Presentation on theme: "SOCIAL DIMENSIONS IN FOOD SECURITY MEASUREMENT -WHAT AND HOW TO MEASURE DST & HSRC SEMINAR 12 NOV 2013 Dr Joyce Chitja University of Kwazulu-Natal."— Presentation transcript:
SOCIAL DIMENSIONS IN FOOD SECURITY MEASUREMENT -WHAT AND HOW TO MEASURE DST & HSRC SEMINAR 12 NOV 2013 Dr Joyce Chitja University of Kwazulu-Natal
Disclaimers This presentation is conceptual, theoretical based observed conceptual factors (an on going livelihood asset building study in on- going). It has a bias on the rural subsistence and small holder farming context of South Africa. It draws from the agricultural, the social and economic contexts of rural South Africa. Focuses on HHFS and those functioning in the “second economy”
INTRODUCTION The presentation is an attempt to illuminate the social dimensions in measurement of FS for the definition to come to be realised. It is an attempt to explore how can HHFS measures be combined or used in a complementary way to reflect a multidimensional picture of the PEOPLE affected. In South Africa rural families and their communities face livelihood shocks caused by biophysical, economic, and socio-political forces leading to lower returns on their assets or tip them into persistent poverty. The reasons are a mix of deep historical & present factors plus the inability of the current economy to deliver enough jobs in these areas.
The complexity of FS measuring A single measure that is reliable, valid overtime, captures all relevant elements and contexts would be much desirable. As known no, single measure meets these criteria (Coates and Maxwell 2012). Most measures do not adequately capture vulnerabilities (their causes & contexts) and consumptions trends over time. This presentation will attempt to marry FS measurement, Livelihood Assets and elements of Social Protection.
She carries a heavy load! Can “better” FS conceptualisation &measurement improve her Livelihood?
Food Security: Definition Food security definition: Food security exists when all people, at all times, have physical and economic access to sufficient safe and nutritious food that meets their dietary needs and food preferences for an active and healthy life. - 1996 World Food Summit Implication: Livelihoods Assets should be resilient to deliver livelihoods that ensure Food Security
Why do we measure FS? Assess current and future FS Intervene To understand HH resilience over time What is the root cause of apparent poor rural HH resilience in SA? ( suspect livelihood assets play a role) Does the historical context of RSA affect the poor’s livelihoods assets (Personal, Human, Social Assets), if so how?
Suggested links FS and SLA Suggestion : Livelihood Assets may be one of the key conditions for the FS definition to be somewhat achieved for the poor Problemitisation: perhaps current measures do not adequately measure the level & quality of Human, Personal, Social Assets?
Conceptual & Theoretical Framework Sustainable Livelihood Asset & Livelihood Asset Building Approach. Social Assets are often very low in poor communities. Social, Human& Individual Assets are often overlooked in conceptualisation of food security interventions and in some food security measurement.
Livelihood Assets Social assets - the network of family and community support; (How did RSA history affect this aspect ? Land removals and impact of family disintegration? Personal assets - their self-confidence, determination and assertiveness (How did RSA history affect this aspect?) Human assets - their skills and knowledge and ability to learn and work; (Historical vs current skills acquiring system) Physical assets - their ability to meet the basic needs of food, shelter, transportation and access to other required services; Financial assets - financial knowledge and capability, access to credit, savings and investments.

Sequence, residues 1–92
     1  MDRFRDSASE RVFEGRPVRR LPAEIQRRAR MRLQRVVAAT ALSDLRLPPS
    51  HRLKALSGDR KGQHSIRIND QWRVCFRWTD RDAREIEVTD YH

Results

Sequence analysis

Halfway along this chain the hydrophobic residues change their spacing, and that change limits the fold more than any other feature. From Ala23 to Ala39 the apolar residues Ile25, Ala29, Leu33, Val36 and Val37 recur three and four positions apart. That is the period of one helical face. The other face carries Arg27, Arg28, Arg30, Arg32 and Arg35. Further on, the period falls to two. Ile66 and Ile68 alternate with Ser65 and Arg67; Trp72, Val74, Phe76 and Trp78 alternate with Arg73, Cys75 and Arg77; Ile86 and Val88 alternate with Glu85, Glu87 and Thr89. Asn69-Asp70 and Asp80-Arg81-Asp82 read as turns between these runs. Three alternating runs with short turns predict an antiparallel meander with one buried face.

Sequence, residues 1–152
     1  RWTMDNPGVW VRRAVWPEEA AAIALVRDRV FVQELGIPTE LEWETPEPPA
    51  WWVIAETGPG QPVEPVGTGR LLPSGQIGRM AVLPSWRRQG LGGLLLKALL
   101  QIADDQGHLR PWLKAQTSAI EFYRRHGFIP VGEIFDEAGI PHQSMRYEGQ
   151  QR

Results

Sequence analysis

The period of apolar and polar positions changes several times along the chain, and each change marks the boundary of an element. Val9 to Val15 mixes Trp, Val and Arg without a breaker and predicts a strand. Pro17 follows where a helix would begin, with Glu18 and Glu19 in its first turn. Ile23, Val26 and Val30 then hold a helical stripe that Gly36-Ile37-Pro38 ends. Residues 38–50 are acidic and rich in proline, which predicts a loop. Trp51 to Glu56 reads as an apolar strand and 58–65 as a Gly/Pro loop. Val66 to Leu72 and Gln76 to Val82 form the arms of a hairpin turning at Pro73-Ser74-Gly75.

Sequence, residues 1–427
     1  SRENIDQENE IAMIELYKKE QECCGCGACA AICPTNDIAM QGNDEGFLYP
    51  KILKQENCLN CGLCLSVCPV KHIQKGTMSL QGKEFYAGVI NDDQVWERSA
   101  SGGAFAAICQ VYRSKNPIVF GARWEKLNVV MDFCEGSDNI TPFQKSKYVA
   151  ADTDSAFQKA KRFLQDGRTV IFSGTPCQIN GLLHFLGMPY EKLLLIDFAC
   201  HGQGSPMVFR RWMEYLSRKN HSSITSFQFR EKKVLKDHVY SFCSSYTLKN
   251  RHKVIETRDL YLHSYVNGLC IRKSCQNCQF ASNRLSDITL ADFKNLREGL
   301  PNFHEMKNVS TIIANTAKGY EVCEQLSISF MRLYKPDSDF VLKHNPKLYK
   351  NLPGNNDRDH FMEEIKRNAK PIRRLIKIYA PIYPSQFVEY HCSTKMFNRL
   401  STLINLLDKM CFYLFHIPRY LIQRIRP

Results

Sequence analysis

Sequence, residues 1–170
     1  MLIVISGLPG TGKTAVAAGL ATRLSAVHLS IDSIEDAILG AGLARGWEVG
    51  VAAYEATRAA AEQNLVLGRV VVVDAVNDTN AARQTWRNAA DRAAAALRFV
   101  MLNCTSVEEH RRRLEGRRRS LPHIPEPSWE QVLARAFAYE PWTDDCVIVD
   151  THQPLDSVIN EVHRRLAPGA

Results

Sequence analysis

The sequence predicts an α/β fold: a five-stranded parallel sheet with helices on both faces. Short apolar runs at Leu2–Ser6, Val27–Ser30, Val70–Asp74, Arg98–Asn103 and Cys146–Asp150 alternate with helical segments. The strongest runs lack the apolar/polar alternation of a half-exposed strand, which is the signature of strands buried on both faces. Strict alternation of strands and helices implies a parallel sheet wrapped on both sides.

HHFS measures & Linkage Livelihood Assets Household Food Insecurity and Access Scale (HFIAS); (behavioural & occurrence measure does not measure causes) Coping Strategies Index (CSI) (behavioural and does not measure causes) Reduced Coping Strategies Index (rCSI); (behavioural and does not measure causes)
Nature Environment Social capital Community Mobilisation, Network Self Determination Self confidence Education (skills) Politics Health Physical infrastructure Institutions Markets Livelihoods Agriculture Storage Conflict Food secure Shocks to households Food Income Health Entitlement Asset Access Household responses to shocks Symptoms of food insecurity Household resources
Constrained to Transform Alternative Approach: asset building approach with a special focus on the Personal, Human, & Social Protection before the physical & financial assets to foster “self help” ethos Mr Khanyile’s FS status: access and availability constrained by poor tech skills, lack of exposure to formal farming & markets
A proposed Framework for considering SLA in FS measurement Word doc
The Framework Raises Key Q’s: Have we contextualised FS appropriately to measure the causes? If the current FS definition is to be realised: a recommendation is the following should encompassed in the conceptualisation and measurement: Human Assets (self determination, self belief) Social Assets (agency, networks, mobilisation) Individual Assets need to be measured in order to intervene in a targeted manner
Parting comments Considering Social SLA’s in FS measuring could improve long term resilience. Considering Social SLA’s in FS measuring fits into the developmental mandate of RSA. Focus on PEOPLE could build agency and reduce the welfare burden on the state long term.